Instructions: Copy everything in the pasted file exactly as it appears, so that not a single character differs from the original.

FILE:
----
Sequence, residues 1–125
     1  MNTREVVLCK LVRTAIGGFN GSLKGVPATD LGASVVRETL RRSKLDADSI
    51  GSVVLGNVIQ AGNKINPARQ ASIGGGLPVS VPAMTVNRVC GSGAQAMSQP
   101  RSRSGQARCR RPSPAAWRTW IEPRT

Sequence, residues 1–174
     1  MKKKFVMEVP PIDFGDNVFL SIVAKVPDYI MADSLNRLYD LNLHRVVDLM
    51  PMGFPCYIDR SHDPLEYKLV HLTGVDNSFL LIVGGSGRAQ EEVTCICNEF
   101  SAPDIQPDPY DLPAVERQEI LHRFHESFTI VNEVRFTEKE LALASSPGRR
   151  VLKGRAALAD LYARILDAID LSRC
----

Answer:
Sequence, residues 1–125
     1  MNTREVVLCK LVRTAIGGFN GSLKGVPATD LGASVVRETL RRSKLDADSI
    51  GSVVLGNVIQ AGNKINPARQ ASIGGGLPVS VPAMTVNRVC GSGAQAMSQP
   101  RSRSGQARCR RPSPAAWRTW IEPRT

Sequence, residues 1–174
     1  MKKKFVMEVP PIDFGDNVFL SIVAKVPDYI MADSLNRLYD LNLHRVVDLM
    51  PMGFPCYIDR SHDPLEYKLV HLTGVDNSFL LIVGGSGRAQ EEVTCICNEF
   101  SAPDIQPDPY DLPAVERQEI LHRFHESFTI VNEVRFTEKE LALASSPGRR
   151  VLKGRAALAD LYARILDAID LSRC